In the legislation now proposed the situation is much more serious since a decision will have to be made immediately on passage of the bill in order to complete the tremendous amount of work required for securities to remain listed on October 1, 1934. Should it be decided that either the cost, the liability involved in complying with the listing requirements, or the difficulties arising from the undefined future regulation is too great, the only recourse would be to permit the corporation's securities to become unlisted, thus driving trading in the securities into a bootleg market which this law would probably create. The results thereof would be:

(a) The investor would be unable to borrow on his security.

b) If obliged to sell, the investor could do so only on a market in which a wide spread would very likely exist between the bid and asked prices.

(c) The corporation would find it extremely difficult to finance, even if the obstacles raised by the Securities Act of 1933 could be overcome.

(d) The National Government and the States in which exchanges are located would lose large tax receipts.

(e) Business recovery would be retarded.

Section 18, subsections (a), (b), and (e) in particular, granting special powers to the Federal Trade Commission also directly affect corporations. These powers are expressed in such a broad way that the cost and volume of the information might be excessive. The broad powers granted would compel corporations to use such accounting methods and prepare such reports as may be demanded, although they might not meet the needs of the directors and officers of corporations in the regular mangement of the business. Duplicate records and reports would therefore be necessary. The methods to be prescribed for the valuation of assets, determination of recurring and nonrecurring income, etc., also are placed under the jurisdiction of the Federal Trade Commission and would take the operation of business matters out of the hands of those professionally expert who have responsibility of performance. Subsection (e) also gives the Federal Trade Commission power to require corporations to bring their corporate records for secret investigation "from any place in the United States or any State at any designated place of hearing". On account of the great volume of records which might be involved this hardly seems practical.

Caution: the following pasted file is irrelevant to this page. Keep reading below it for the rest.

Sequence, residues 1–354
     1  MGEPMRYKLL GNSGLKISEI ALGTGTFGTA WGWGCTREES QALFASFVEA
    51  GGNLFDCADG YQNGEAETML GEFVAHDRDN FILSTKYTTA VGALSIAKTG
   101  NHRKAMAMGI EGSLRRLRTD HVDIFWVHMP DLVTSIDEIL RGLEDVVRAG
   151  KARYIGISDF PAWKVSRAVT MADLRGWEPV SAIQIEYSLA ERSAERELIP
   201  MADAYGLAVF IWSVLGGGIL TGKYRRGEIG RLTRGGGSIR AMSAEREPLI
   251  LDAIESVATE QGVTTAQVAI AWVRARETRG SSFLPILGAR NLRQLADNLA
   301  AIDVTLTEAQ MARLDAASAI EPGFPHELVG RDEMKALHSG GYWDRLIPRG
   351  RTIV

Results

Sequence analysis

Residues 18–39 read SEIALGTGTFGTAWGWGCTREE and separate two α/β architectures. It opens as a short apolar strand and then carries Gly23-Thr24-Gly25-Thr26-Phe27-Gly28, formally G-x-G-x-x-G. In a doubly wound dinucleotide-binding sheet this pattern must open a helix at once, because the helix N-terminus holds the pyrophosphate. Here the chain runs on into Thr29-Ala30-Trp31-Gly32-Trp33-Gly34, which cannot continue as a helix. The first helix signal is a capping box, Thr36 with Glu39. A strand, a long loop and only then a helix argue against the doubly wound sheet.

The Controllers Institute believes that the methods of accounting are internal matters for the controllers of each corporation to prescribe, based upon recognized accounting principles and practices designed to meet the particular requirements of the business, and that the accounting methods and the accounts resulting from them should be approved by independent public accountants auditing the corporation's accounts. We believe that if it is to be the policy of the Federal Government to regulate all corporations such regulation should be confined to major principles and not detail.

The two countries of the world in which it is generally recognized that accounting has had the greatest development are England and the United States. The procedure under which this improvement in correct presentation of balance sheets and income accounts has been developed has been by selection of trained expert accountants as financial officers of companies, supplemented by an annual audit of the methods and accounting principles put into effect by such officers by independent public accountants. The intimate knowledge of the particular type of business and the kind of transactions it carries on, necessary to determine proper accounting policies for such business, requires detailed and recurring investigation which, in our opinion, no regulatory body could undertake and carry out as a substitute for the well developed procedure now in existence. Anyone who has made a study of the development of the presentation of corporate financial statements is convinced that its entire history shows an improvement in the direction of conservative and accurate statements of financial position and earnings.

The foregoing covers the principal difficulties which would arise from the accounting features of the proposed bill. There are other objections to the bill which have been covered by previous witnesses such as:

(1) The deflationary effect of the ineligibility of unlisted securities and the margin requirements.

(2) The indefinite and almost unlimited control of corporate activities placed in the Federal Trade Commission.

(3) The possibilities of driving the security business into the hands of security bootleggers by the heavy restrictions placed on exchange members.